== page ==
This type of microphone is very unique as it is the only microphone type that can be mounted on a flat surface and at the same time be immune against comb filtering.
Which is caused by the combination of direct and delayed reflected sounds.
Furthermore, this microphone is very useful as they can be used to record various sounds sources in- and outside of a studio, like:
- Music Instruments (for example the piano)
- Conference Rooms
And so on, I recommend that you check out this microphone type when you have transitioned into a semi-pro or pro studio owner or if you are a pianist.
Which Types Of Microphones should I Buy?
Now that we have discussed the different types of microphones available in today’s market, which one should you buy?
You can filter through the list down below to select the exact sound source that you want to record.
Check it out:
- Condenser Mic, Dynamic Mic, Ribbon Mic
If you wish to record your vocals, you could choose to use one of the common 3 microphone types used in studios.
But it all depends on you or the vocalist and the genre of the songs that you want to record.
Something to keep in mind, when making your decision is that:
- Dynamics mics are ideal for loud sound sources.
- Condenser mics are ideal for brighter sound sources.
- Ribbon mics are ideal for neutral sound sources.
Which means that if you are a singer or rapper, you should consider a condenser, I recommend that as a beginner start with the large-diaphragm condenser microphone.
But if you have the opportunity, you should test both the large and small diaphragm condenser mics to see if it matches your taste.
For all the mentalist you should obviously consider the dynamic mic.
But if you have a big budget I would suggest that you consider all the common 3 types of microphones used in studios to see which one sounds best for you.
- Boundary Mic, Condenser Mic, Dynamic Mic
Similar to the vocalist there is a wide variety of microphone types that you can choose between.
But at the end of the day, it all depends on the type of pianist you are.
But luckily there is a microphone type that works perfectly for recording pianos.
That not a lot of people have paid attention to, which is the boundary mic.
That can be mounted on the inside of the piano.
If you seem not to like the idea of a boundary mic as a piano mic, I recommend that you either do some research like checking out the forums or lean towards the dynamic or condenser mics.
- Every Microphone Type
Drums are one of the most complexed instruments to record.
Because the drums need to be recorded independently.
Which why a lot of beginners who want to record drums “physically” opt to buy an electronic drum kit to make the recording process much easier.
However, if you are committed to recording acoustic drums, here is one thing that you should know:
Which are you would have to buy a dozen microphones to make this happened.
Because each drum would need to have a mic both beneath, above and even inside the drum to be able to achieve the best drum recording.
If you have a big budget and still interested in recording acoustic drums, instead of me trying to explain how to record your drums I recommend that you watch this video by sweetwater.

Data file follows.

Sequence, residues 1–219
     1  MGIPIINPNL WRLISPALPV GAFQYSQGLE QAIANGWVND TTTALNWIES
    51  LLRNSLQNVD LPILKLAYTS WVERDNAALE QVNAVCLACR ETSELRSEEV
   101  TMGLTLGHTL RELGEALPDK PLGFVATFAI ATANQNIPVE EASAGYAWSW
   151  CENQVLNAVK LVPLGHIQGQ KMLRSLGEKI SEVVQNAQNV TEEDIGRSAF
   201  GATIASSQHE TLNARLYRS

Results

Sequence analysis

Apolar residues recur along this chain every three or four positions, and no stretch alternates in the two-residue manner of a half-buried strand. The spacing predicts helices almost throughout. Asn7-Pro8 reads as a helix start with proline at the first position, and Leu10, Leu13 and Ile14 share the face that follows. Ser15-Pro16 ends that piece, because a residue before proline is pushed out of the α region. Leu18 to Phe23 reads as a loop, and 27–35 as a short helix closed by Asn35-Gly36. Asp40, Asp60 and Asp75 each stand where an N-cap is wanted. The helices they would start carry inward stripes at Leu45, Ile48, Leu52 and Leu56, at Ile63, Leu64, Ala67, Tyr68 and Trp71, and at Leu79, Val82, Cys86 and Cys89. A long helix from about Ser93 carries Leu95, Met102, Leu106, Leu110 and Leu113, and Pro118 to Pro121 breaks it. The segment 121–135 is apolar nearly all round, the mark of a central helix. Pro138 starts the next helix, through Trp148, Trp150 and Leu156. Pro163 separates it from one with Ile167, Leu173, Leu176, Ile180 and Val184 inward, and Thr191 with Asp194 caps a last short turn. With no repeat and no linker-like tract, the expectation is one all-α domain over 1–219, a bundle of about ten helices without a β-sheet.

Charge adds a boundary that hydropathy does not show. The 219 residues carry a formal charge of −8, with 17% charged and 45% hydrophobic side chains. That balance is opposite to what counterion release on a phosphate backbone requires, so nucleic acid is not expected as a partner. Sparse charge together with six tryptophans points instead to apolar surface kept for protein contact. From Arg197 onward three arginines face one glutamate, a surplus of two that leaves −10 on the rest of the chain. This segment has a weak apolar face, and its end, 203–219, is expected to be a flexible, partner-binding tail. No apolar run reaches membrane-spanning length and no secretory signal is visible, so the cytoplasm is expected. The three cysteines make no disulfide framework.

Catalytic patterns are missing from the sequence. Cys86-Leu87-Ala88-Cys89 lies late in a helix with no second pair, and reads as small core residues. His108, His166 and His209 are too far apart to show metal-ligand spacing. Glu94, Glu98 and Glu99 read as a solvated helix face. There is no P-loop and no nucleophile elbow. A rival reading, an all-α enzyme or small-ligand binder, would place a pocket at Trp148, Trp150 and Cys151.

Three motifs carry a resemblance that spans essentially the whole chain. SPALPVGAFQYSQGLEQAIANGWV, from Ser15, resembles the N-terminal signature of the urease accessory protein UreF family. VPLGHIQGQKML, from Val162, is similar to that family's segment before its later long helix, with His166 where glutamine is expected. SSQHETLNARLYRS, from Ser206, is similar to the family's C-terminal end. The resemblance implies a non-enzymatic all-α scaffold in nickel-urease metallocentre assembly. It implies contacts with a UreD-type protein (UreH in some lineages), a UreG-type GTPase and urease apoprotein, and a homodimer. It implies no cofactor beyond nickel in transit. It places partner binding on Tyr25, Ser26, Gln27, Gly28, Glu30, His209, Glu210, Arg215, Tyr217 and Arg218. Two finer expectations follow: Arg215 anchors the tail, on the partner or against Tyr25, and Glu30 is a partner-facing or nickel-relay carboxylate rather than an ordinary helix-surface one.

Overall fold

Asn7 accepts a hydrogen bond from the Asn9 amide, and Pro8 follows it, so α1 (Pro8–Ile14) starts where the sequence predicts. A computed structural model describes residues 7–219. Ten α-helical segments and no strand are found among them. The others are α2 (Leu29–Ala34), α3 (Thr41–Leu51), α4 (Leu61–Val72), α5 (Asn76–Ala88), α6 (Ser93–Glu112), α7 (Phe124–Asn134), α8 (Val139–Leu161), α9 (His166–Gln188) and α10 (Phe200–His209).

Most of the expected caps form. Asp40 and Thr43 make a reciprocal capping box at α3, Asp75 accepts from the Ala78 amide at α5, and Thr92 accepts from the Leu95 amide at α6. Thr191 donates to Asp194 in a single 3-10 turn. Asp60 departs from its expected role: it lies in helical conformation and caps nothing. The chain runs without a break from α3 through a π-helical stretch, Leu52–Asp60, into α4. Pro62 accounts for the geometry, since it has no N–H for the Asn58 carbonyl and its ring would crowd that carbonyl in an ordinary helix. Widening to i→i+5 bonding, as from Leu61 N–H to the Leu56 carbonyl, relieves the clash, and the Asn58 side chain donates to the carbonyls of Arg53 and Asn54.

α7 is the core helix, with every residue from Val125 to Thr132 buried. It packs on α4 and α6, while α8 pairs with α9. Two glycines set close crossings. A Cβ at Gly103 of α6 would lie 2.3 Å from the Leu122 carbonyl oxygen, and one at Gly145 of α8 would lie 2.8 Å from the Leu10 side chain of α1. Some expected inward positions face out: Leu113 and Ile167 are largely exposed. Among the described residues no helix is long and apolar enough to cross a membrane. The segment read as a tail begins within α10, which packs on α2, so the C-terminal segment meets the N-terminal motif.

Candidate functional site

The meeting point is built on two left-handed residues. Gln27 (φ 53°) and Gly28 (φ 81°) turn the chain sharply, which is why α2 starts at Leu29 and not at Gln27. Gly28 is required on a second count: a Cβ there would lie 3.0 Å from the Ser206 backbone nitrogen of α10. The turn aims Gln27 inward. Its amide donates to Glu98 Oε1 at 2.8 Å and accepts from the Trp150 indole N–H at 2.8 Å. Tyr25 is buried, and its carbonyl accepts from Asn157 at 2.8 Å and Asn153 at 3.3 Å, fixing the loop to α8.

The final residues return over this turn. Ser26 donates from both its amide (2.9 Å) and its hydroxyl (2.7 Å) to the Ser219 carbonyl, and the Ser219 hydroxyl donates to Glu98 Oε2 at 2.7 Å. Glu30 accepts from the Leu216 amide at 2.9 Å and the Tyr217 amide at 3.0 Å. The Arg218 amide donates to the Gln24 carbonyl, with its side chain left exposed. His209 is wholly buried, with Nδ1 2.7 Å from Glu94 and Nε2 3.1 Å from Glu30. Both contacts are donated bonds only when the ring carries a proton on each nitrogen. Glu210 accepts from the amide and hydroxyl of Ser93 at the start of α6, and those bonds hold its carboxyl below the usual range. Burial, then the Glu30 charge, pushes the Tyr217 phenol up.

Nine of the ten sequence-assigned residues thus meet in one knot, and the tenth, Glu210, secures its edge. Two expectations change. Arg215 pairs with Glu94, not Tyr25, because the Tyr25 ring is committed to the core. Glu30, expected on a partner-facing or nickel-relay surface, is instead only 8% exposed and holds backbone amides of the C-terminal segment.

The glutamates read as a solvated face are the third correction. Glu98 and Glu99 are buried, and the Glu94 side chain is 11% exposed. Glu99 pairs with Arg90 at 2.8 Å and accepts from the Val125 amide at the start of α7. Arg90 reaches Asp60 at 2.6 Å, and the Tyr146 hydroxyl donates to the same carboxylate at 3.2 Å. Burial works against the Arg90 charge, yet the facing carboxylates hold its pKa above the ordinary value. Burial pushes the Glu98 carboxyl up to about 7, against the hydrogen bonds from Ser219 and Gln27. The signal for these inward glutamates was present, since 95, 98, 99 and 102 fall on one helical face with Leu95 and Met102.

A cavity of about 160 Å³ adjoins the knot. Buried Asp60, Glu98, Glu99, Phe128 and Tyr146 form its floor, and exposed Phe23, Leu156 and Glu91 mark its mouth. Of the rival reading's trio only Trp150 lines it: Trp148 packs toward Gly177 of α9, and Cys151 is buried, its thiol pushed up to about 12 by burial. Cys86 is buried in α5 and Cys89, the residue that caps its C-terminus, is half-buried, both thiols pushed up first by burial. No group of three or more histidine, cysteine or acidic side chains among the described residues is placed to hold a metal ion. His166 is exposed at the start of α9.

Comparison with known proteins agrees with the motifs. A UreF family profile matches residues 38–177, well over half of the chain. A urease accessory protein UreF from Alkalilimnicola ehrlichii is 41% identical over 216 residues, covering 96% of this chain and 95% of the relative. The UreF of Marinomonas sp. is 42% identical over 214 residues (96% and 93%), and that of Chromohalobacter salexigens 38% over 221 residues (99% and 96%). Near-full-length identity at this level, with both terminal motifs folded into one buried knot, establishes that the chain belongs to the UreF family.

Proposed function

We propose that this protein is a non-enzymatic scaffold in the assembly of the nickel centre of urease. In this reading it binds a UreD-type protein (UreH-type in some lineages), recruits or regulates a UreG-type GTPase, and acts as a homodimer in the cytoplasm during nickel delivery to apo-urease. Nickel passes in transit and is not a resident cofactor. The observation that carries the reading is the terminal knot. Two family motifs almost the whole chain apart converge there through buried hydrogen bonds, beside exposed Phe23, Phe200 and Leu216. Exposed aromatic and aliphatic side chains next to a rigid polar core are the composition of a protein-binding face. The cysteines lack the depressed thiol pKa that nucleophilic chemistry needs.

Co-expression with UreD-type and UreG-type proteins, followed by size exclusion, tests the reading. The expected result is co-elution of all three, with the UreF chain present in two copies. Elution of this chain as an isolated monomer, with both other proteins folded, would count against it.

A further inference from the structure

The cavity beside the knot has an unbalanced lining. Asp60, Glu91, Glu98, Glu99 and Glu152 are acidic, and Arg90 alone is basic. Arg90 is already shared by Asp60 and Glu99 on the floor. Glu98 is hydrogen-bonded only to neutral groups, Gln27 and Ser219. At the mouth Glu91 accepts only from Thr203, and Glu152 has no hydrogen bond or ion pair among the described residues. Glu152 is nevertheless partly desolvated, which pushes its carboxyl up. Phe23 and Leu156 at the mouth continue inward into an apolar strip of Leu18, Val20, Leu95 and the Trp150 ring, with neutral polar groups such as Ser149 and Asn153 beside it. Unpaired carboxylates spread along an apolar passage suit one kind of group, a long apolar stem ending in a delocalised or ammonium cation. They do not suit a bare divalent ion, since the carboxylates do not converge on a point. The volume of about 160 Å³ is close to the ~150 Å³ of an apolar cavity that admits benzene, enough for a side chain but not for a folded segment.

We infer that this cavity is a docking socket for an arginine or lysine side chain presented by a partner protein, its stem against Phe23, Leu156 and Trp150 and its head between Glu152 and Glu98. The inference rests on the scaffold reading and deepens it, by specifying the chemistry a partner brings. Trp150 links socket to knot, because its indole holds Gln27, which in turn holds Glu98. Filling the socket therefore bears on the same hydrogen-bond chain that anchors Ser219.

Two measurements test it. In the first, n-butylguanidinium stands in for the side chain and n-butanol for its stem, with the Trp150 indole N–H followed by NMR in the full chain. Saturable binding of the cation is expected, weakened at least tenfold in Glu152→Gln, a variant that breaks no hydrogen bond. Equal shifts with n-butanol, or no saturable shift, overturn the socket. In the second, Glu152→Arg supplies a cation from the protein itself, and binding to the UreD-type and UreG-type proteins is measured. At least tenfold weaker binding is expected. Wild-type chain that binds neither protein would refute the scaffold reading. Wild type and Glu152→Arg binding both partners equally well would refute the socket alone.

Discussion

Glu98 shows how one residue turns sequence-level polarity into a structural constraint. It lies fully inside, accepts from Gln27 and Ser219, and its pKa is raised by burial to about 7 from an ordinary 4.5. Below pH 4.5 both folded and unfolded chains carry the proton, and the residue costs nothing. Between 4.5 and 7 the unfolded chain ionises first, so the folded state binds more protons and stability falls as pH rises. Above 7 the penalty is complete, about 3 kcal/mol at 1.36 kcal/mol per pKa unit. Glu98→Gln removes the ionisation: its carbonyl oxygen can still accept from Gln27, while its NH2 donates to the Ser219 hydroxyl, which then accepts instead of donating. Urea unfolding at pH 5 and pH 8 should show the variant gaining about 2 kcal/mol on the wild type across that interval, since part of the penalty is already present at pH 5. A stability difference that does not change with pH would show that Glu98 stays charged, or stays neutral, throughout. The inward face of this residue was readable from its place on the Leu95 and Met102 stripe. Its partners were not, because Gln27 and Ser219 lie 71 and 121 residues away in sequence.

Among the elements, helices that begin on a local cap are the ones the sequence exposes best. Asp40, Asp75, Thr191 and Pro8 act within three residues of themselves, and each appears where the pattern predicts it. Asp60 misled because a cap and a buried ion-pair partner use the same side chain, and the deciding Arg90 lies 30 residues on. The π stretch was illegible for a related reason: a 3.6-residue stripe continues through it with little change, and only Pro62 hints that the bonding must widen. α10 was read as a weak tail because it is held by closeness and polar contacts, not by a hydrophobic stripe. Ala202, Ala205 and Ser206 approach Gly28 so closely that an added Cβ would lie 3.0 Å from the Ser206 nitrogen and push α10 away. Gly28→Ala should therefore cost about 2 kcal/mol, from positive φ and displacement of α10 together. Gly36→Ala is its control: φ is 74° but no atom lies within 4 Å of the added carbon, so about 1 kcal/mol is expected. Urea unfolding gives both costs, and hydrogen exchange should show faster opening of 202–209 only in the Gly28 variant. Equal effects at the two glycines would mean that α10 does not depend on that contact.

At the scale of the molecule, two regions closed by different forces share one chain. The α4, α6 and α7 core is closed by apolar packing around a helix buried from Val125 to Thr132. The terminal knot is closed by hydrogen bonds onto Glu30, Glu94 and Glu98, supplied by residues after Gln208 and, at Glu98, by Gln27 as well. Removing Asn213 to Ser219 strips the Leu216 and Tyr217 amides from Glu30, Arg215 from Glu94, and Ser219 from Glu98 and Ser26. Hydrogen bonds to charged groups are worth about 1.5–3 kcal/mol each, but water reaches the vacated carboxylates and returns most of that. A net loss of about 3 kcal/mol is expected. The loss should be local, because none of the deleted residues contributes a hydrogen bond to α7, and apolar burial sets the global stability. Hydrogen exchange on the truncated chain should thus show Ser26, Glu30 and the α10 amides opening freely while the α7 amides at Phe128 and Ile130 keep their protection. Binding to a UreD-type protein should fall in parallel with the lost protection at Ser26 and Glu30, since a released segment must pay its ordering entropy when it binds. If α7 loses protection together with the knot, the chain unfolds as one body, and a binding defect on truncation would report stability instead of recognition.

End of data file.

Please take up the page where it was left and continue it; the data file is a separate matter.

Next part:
Which does a great job at showing you how to mic up acoustic drums.
- Bass Mic
If you wish to have the best bass recording, you would need a microphone that can record low frequencies.
The good thing is that we have already covered this in today’s post.
There is one microphone type, whose purpose is to solely record low frequencies sound source.
Which is known as either the bass microphone or kick drum microphone.
However, you also could use a low-end dynamic microphone if you are on a tight budget, but ideally, you should stick with the bass/kick drum mics for the best results.
- Condenser Mic, Ribbon Mic
Ribbon mics have for a while been the most common types of microphones used to record strings.
But over the years people have transitioned to the condenser mics.
Which with its sensitiveness improves the sound quality of brighter sound sources making it the perfect choice for recording strings.
When it comes choosing a condenser mic, I would recommend that you choose the large-diaphragm condenser mic for big strings instruments like the cello.
And small-diaphragm condenser mic for smaller strings instruments like the violin.
A classic condenser mic for strings is the Rode NT-1, which is a large-diaphragm.
- Condenser Mic
Acoustic guitars tend to produce a bright sound, which makes the condenser microphone an ideal microphone type.
However, it is always recommended to try the dynamic and ribbon mics to see which one matches your taste.
Because even though the condenser mic is perfect for recording acoustic guitars does not mean that you are going to like the sound recording.
- Dynamic Mic
The electric guitar is compared to the other guitar amps the only guitar, which ideal microphone type is the dynamic mic.
The reason being is that the electric guitar produces a loud sound making the condenser mic a bad choice.
A classic dynamic mic used to record electric guitars is the Shure SM57 mic.
Now, Over To You …
So now that you have learned about the different types of microphones available in today’s market.
It’s time for you to choose a microphone type that matches your style of recording and sound source.
I would love to hear from you:
Which microphone type you have chosen for your sound source?
And how well it is at recording your sound source?
Also, let me know if I have missed any important microphone types for recording music.
Which you can do by leaving a comment down below.